Updated May 22, 2020
Many businesses have suffered severe economic hardship because of the global pandemic. Resources are available at the federal, state and local level to help businesses during this difficult time.
This information changes rapidly. We recommend you check regularly to make sure you stay up to date with the latest information.
Coronavirus Aid, Relief, and Economic Security (CARES) Act Relief for Businesses and Nonprofits
The CARES Act provides funding for businesses and nonprofits. Two programs, the Paycheck Protection Program, and Economic Injury Disaster Loan program, are highlighted here. Other funding options and technical assistance are available on the SBA Coronavirus webpage.
U.S. Small Business Administration (SBA) Economic Injury Disaster Loans (EIDL) - this program provides grants of up to $10,000 or loans of up to $2 million to qualifying small businesses and nonprofits in Oregon. Here are a couple of important points about the program:
- Submit your application as soon as possible. Applications can be submitted at https://disasterloan.sba.gov/ela/Information/ApplyOnline
- Deadline to submit your application is December 21, 2020.
Applications can be filed and tracked online. For questions, contact the SBA disaster assistance customer service center at 1-800-659-2955 (TTY/TDD: 1-800-877-8339) or e-mail firstname.lastname@example.org
Paycheck Protection Program - provides 100% federally guaranteed loans to small businesses who maintain their payroll during this emergency. Importantly, these loans may be forgiven if borrowers meet certain conditions, like applying the funds to address important payroll and operational costs.
- The maximum loan amount is $10 million.
- The loans do not require a personal guarantee.
- All loan proceeds spent on the eligible expenses can be 100% forgiven.
- You can apply through participating banks and credit unions.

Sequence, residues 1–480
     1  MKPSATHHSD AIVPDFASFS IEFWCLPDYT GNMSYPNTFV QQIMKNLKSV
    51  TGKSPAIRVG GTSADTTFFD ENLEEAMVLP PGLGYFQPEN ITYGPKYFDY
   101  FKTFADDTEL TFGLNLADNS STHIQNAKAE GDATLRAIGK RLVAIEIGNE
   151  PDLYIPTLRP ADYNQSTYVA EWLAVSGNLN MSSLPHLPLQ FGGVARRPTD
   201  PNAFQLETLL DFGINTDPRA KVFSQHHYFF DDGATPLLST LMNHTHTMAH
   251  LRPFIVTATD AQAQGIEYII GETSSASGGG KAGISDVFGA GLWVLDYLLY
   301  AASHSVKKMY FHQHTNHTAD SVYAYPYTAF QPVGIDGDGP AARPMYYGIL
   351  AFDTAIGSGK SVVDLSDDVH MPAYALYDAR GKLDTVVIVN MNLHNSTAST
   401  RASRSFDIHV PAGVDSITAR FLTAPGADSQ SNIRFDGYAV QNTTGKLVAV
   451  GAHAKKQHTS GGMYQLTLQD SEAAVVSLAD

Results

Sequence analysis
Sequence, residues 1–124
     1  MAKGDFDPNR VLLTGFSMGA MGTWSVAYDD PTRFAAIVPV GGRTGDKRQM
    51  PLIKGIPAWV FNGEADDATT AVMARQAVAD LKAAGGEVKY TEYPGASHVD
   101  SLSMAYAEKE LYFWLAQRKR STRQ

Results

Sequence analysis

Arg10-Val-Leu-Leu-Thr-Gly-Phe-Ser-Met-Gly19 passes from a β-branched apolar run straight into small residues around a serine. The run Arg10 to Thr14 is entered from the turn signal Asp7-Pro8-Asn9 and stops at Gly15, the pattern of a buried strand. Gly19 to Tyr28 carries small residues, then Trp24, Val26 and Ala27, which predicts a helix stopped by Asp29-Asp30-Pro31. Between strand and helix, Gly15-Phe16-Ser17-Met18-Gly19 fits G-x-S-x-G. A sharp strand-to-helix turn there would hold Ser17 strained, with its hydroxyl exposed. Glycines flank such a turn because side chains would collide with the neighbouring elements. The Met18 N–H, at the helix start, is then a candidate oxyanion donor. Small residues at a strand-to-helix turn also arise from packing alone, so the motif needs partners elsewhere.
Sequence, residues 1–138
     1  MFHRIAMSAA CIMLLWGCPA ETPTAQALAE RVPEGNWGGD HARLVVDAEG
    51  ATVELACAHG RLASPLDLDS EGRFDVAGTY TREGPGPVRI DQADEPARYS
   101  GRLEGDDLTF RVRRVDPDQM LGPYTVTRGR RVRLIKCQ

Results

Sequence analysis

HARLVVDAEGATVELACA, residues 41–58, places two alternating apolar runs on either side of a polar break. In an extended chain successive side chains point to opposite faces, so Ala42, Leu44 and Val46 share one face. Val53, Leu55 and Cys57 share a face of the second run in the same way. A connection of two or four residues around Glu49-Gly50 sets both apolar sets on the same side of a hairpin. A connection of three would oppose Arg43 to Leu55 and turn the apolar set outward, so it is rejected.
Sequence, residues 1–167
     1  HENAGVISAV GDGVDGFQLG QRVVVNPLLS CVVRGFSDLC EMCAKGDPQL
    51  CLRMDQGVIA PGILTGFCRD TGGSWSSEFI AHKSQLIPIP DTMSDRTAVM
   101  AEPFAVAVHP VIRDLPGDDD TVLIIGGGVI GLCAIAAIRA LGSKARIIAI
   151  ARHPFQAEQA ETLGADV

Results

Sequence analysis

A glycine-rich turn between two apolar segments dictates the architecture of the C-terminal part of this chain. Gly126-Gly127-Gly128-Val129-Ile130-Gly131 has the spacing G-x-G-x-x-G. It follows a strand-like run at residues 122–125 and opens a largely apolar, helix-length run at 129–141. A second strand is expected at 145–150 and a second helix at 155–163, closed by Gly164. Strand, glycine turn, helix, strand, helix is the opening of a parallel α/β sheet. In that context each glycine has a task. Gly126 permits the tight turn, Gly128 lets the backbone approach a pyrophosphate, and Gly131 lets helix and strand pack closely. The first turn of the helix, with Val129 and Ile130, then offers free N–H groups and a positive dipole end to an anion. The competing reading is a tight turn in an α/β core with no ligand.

- Interests rates as low as 0.5% and deferred loan payments of up to 6-months are also available.
- Contact your lender to submit your application as soon as possible.
Keeping Employees Safe if Staying Open
Governor Brown’s latest executive order presents a three-phase plan to re-open the economy. It encourages Oregonians to stay close to home and to continue healthy practices to stay safe.
Multnomah County is currently in the baseline phase of reopening. More businesses and services are opening, but Multnomah County has not yet entered Phase One.
Multnomah County has developed general guidance that businesses should use when implementing best practices.
Anyone who knows about a workplace safety or health hazard may report unsafe conditions to OSHA (Oregon Safety and Health Administration) at 800-922-2689.
Laying off employees?
Closing down entirely
If you’re shutting your doors for now, your employees can qualify for Temporary Layoff (TLO) unemployment benefits provided their anticipated return date is within 4 weeks. While there is no guarantee we’ll be back to work in that time frame, it’s a good starting place and at least guarantees your staff payment for the time being. Refer to Page 7 of the Oregon Unemployment Claimant Handbook for eligibility, and Pages 1-3 for instructions on filing.
If you are cutting your hours down, or are shutting your doors, but keeping employees on at reduced hours, Work Share Oregon is a great resource for your employees who will see a drop in their income. Check out the Work Share webpage for more information on how to set this up.
Expanded sick leave
The coronavirus relief legislation will provide guidelines on expanded sick-leave time and FMLA for employees who show symptoms of COVID-19, who are caring for a family member with COVID-19 symptoms, or who stay home to care for a child whose school/childcare cannot care for child due to COVID-19.
Culturally Specific Resources
- Hispanic Metropolitan Chamber of Commerce: COVID-19 Resources for our Community
- Oregon Association of Minority Entrepreneurs
- Oregon Native American Chamber
- Portland Area Business Association
Business Interruption Insurance Coverage
Your business insurance may have a business interruption clause that covers loss of income as a result of disruptions to your operations from imposed government restrictions. Review your policy. Be prepared to clearly document loss of income resulting from the COVID-19 crisis.
The Oregon Department of Consumer and Business Services issued a temporary emergency order in response to the COVID-19 outbreak. It requires all insurance companies to extend grace periods for premium payments, postpone policy cancellations and non-renewals, and extend deadlines for reporting claims.
Operation Main Street - Sen. Merkley Online Recovery Hub for Oregon Businesses